Blue Sky is almost certainly the only company in England where you need a criminal record to get a job. It holds contractsto deliver landscaping services for a number of local authorities, housing associations and private companies. It hasexpended into recycling by providing operatives to work on kerbside recycling schemes for a number of local authoritiesand their waste contractors.Established as a not-for-profit company in 2005 by regeneration charity Groundwork Thames Valley, it has taken on over 250 employees on six month contracts. These contracts are all given to people who have recently been released fromprison, 14% of whom are also homeless. Nearly half of their employees move into sustained employment after workingwith Blue Sky. This significantly reduces the re-offending rate below the national average for people just released formprison, which is currently 75%.While working with offenders is their primary purpose, Blue Sky has done this in a way which delivers environmentalbenefit, through the activities the offenders work on. In the 2009-10 financial year; they improved and maintained over 500acres of land and recycled 3,532 tonnes of waste.
BTCV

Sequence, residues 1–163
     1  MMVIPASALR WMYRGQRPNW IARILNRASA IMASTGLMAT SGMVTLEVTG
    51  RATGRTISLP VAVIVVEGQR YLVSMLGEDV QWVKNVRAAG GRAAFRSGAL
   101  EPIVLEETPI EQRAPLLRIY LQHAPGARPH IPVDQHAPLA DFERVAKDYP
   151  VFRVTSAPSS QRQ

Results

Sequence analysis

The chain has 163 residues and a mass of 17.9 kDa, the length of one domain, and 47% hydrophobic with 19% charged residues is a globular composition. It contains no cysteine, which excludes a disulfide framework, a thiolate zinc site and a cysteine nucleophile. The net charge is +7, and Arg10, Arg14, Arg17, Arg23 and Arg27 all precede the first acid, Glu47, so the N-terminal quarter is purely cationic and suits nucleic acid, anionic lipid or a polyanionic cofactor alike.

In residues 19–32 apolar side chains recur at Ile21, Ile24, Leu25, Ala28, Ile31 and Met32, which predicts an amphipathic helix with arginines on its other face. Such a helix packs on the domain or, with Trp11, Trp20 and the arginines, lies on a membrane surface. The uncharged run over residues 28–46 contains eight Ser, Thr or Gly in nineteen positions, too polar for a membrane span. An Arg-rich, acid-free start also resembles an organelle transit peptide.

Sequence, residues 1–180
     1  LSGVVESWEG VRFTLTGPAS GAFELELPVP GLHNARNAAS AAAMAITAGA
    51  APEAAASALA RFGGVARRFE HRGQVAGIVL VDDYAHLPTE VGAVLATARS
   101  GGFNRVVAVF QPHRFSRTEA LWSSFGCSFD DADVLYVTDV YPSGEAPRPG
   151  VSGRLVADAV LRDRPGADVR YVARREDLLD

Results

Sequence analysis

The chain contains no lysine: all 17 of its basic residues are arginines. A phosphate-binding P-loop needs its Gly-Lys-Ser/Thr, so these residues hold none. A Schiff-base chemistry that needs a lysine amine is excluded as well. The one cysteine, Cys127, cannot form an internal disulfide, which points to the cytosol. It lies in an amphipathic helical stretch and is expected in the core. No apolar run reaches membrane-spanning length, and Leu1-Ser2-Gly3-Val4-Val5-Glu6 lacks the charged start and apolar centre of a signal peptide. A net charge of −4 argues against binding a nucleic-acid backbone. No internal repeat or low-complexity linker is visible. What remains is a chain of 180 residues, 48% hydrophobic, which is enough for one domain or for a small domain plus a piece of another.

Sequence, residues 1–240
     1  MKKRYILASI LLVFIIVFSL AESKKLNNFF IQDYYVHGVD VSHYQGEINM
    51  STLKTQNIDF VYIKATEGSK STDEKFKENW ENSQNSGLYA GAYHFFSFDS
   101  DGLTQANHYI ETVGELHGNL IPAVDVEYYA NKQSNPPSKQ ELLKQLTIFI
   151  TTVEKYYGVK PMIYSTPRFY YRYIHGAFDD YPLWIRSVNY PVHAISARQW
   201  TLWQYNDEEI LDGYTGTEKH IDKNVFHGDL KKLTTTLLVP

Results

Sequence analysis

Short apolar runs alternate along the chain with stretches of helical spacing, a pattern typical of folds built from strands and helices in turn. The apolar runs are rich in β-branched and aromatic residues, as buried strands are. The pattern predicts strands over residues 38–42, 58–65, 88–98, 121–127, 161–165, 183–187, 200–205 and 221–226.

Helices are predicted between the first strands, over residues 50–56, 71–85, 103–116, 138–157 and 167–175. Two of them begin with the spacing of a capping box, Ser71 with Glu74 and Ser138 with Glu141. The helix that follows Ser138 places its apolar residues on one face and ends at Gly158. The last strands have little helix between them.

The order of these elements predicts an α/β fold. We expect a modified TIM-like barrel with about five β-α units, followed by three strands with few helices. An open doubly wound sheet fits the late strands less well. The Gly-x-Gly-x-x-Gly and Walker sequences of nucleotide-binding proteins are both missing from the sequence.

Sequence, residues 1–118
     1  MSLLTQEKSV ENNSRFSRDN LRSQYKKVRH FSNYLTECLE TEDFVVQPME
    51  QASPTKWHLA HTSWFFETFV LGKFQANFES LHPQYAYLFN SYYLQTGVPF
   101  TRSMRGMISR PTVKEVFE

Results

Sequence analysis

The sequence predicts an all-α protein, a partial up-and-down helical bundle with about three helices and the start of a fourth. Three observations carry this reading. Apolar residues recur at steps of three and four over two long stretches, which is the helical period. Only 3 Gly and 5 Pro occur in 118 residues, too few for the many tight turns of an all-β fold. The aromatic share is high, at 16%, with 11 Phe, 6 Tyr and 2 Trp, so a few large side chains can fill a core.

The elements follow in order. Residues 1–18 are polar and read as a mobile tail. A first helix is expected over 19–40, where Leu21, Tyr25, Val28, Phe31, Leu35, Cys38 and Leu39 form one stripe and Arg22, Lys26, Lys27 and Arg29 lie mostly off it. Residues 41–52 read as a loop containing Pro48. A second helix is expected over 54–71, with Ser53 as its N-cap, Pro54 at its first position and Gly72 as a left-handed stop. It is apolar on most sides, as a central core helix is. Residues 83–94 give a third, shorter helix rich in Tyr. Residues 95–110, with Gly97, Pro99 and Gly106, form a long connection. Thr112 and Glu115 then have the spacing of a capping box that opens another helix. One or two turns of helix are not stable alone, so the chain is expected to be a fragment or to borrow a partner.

The British Trust for Conservation Volunteers has its origins in the Conservation Corps which were founded in 1959. Thefirst project involved working with volunteers to clear invasive species and protect rare flora and fauna in Surrey. Sincethese early days the charity has expanded massively across the country, and become and diversified so that a major part of its focus is on people as well as the environment. BTCV is now one of the major contractors to the Department of Work and Pensions having provided support to over 7500 people.A typical example of this is the work they are doing in Barnsley, Rotherham and Sheffield. Through a national contract fromDWP they are working with disability advisors at the local Job Centres. Through this service they are providing bespokesupport to over 200 people per year. Partnerships are arranged at the local level to ensure clients receive beneficial andrelevant training alongside real work placements. BTCV also offer a recruitment service to the private sector, ensuring they are working hard to create job opportunities and change people’s lives.In terms of sustainability, BTCV have undertaken a root and branch analysis of all their activities around the country. Every single activity carried out by the organisation across all its premises have been quantified in terms of CO2 emissions. BTCV